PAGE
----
The rules versus similarity distinction

Emmanuel M. Pothos
2005 Behavioral and Brain Sciences  
The distinction between rules and similarity is central to our understanding of much of cognitive psychology. Two aspects of existing research have motivated the present work. First, in different cognitive psychology areas we typically see different conceptions of rules and similarity; for example, rules in language appear to be of a different kind compared to rules in categorization. Second, rules processes are typically modeled as separate from similarity ones; for example, in a learning
more » ... iment, rules and similarity influences would be described on the basis of separate models. In the present article, I assume that the rules versus similarity distinction can be understood in the same way in learning, reasoning, categorization, and language, and that a unified model for rules and similarity is appropriate. A rules process is considered to be a similarity one where only a single or a small subset of an object's properties are involved. Hence, rules and overall similarity operations are extremes in a single continuum of similarity operations. It is argued that this viewpoint allows adequate coverage of theory and empirical findings in learning, reasoning, categorization, and language, and also a reassessment of the objectives in research on rules versus similarity. Emmanuel Pothos received his D.Phil. in Experimental Psychology from the University of Oxford in 1998. Since then he has been a lecturer of psychology at the University of Wales at Bangor and at the University of Edinburgh; he is currently at the University of Crete. His research activity includes computational models in unsupervised categorization and statistical methods for disambiguating rules and similarity in learning. Additionally, he is looking at applications of learning models in the study of addictive behavior. A focal point of his work is the a priori comparability of theoretical accounts and explanatory concepts in cognitive psychology. jects having property A (e.g., nouns) can be paired with objects having property B (e.g., verbs). With Similarity, we must decide whether objects having properties A, B, C, D, E, . . . (e.g., a cat) can be paired with objects having properties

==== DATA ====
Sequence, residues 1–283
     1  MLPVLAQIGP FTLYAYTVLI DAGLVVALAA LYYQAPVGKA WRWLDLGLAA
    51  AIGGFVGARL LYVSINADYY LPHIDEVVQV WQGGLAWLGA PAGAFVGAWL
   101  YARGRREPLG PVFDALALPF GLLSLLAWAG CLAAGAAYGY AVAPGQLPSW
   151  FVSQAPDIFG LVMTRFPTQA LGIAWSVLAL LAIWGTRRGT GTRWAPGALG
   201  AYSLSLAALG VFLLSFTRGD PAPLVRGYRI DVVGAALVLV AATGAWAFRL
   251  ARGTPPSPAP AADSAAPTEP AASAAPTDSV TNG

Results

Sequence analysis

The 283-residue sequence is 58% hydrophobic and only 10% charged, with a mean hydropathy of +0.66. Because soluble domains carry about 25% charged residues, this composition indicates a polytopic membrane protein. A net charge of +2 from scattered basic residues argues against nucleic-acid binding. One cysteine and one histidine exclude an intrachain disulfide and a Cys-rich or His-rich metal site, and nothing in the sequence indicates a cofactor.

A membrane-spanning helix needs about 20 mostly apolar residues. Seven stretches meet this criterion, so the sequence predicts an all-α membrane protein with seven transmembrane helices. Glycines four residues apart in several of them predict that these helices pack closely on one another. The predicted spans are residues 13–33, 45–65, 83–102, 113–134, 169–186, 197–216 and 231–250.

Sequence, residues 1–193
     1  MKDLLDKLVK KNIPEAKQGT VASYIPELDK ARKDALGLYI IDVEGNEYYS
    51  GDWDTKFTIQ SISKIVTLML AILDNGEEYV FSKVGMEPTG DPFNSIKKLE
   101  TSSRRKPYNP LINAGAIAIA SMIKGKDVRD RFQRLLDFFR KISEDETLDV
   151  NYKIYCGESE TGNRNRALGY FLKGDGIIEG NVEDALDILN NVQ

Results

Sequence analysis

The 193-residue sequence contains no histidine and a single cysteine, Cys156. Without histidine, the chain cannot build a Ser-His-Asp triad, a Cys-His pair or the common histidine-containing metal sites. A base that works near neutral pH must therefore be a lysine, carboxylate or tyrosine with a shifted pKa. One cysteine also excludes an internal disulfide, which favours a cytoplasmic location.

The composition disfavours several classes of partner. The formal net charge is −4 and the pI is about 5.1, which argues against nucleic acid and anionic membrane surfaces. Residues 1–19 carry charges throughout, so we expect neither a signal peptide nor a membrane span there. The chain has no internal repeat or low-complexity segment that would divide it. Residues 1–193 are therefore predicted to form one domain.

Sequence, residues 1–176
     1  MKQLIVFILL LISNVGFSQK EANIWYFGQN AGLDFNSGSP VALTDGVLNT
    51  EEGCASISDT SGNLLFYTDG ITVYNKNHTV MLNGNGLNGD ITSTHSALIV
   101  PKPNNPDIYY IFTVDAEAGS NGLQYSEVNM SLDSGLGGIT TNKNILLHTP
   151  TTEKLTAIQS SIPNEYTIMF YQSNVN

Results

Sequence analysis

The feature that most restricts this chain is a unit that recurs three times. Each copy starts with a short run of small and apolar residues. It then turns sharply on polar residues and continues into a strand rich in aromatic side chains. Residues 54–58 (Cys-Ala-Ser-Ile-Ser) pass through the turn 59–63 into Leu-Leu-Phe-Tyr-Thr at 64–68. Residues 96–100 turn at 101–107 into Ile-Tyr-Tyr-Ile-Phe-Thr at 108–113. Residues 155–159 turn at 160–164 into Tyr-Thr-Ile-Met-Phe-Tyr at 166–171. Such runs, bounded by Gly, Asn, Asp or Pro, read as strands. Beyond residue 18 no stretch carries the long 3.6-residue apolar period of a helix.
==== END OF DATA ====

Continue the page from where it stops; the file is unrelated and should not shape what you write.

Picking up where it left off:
doi:10.1017/s0140525x05000014 fatcat:hbc6e5p25vbunaikg5h3kuau2e